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Securities Law

51-312 - Harmonized Continuous Disclosure Review Program [CSA Staff Notice]

Published Date: 2009-07-24
Effective Date: 2009-07-24

In 2004 staff (we) of the Canadian Securities Administrators (CSA) established a harmonized program for continuous disclosure reviews (the CDR program). The goal of the program is to improve the completeness, quality and timeliness of continuous disclosure (CD) by reporting issuers in Canada.

In July 2004, we issued CSA Staff Notice 51-312, which described the new program. This revised notice updates issuers, investors and other market participants on the CDR program.  It also gives an overview of how the CDR program works.

Under Canadian securities law, reporting issuers must provide timely CD about their businesses and affairs. Market participants, including investors, rely on this information to make informed investment decisions.

Most of the continuous disclosure requirements are in the following rules or regulations (the CD rules) :

• National Instrument 51-102 Continuous Disclosure Obligations (NI 51-102)
• National Instrument 51-101 Standards of Disclosure for Oil and Gas Activities
• National Instrument 52-109 Certification of Disclosure in Issuer’s Annual and Interim Filing
• National Instrument 52-110 Audit Committees
• National Instrument 58-101 Disclosure of Corporate Governance Practices
• National Instrument 43-101 Standards of Disclosure for Mineral Projects

The CD rules are intended to ensure that Canadian investors receive a uniformly high level of CD across the country. Through the CDR program, we are working to ensure that the scope and level of CD reviews carried out by staff across Canada are consistent.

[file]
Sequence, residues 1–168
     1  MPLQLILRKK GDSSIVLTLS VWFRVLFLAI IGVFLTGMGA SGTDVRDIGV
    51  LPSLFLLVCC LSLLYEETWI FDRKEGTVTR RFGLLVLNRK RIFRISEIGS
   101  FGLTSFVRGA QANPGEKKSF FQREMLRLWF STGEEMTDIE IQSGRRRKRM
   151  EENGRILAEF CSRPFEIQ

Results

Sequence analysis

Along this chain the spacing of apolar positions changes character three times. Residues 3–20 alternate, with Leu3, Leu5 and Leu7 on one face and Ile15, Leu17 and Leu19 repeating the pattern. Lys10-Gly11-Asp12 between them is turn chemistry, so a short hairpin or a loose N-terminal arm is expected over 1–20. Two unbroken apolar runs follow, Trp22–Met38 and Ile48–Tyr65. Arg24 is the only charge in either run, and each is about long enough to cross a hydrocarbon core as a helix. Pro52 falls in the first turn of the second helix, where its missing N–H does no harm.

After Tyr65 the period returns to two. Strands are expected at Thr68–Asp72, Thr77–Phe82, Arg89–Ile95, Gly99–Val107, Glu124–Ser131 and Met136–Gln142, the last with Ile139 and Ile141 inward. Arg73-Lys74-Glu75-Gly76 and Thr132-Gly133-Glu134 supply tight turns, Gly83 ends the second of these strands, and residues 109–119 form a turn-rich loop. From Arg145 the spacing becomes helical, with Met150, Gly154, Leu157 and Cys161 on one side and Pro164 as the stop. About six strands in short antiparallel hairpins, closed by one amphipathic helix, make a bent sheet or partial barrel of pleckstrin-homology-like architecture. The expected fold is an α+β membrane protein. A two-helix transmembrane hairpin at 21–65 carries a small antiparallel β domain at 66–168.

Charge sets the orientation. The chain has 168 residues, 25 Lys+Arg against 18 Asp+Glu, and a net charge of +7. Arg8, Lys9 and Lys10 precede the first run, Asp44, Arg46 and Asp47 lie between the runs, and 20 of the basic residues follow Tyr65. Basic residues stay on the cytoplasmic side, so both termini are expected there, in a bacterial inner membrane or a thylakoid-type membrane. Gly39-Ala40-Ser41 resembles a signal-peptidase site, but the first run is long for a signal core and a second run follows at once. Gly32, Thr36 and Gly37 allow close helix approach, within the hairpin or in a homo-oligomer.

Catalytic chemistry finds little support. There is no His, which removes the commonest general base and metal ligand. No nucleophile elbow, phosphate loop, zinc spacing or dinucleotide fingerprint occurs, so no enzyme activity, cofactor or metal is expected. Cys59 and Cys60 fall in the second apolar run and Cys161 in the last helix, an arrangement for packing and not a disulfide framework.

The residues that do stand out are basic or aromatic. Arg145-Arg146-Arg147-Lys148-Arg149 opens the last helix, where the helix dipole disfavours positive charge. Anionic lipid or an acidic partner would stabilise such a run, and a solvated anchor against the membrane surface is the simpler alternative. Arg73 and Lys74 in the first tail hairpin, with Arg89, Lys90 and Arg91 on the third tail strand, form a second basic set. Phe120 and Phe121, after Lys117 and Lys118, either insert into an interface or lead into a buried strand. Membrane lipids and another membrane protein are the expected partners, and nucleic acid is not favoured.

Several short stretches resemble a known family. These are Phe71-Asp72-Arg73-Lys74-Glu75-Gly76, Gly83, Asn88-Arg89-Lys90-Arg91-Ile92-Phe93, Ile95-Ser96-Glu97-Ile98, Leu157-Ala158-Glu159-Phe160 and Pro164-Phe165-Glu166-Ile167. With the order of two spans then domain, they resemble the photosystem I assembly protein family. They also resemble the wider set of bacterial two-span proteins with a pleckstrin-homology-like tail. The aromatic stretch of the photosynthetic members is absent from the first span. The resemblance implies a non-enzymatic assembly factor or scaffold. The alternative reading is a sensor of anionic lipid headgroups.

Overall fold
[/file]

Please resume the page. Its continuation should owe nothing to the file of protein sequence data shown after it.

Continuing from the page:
Under the CDR program, the CSA regulators generally follow principles of mutual reliance. That means issuers deal only with staff of their principal regulator. Staff of the other regulators rely on the staff of the principal regulator on matters related to CD reviews.

Objectives of the CDR program
The CDR program helps ensure that issuers understand and comply with their obligations under the CD rules. Accordingly, the CDR program has two fundamental objectives: education and compliance.

Issuers should understand the nature and extent of their disclosure obligations under the CD rules. We educate issuers through our interaction with them during our CD reviews. We also provide guidance through our publications, seminars, webcasts and other forums that address specific aspects of the CD rules.

The CD review process helps us determine whether issuers are complying with their disclosure obligations under the CD rules. The CDR program is designed to identify material disclosure deficiencies and questionable transactions that affect the reliability and accuracy of an issuer’s disclosure record.

Role of the principal regulator 
The principal regulator is responsible for reviewing an issuer’s CD information and taking any necessary steps to ensure that the issuer complies with its CD obligations. An issuer’s principal regulator is determined by the principles set out in Part 3 of National Policy 11 202 Process for Prospectus Reviews in Multiple Jurisdictions.

The principal regulator is usually the regulator in the jurisdiction where the reporting issuer’s head office is located. As a result, an issuer will generally only have to deal with staff of a single regulator on CD-related matters. It also allows staff in each jurisdiction to develop a greater understanding of their respective issuers, which helps enhance the efficiency and quality of CD reviews.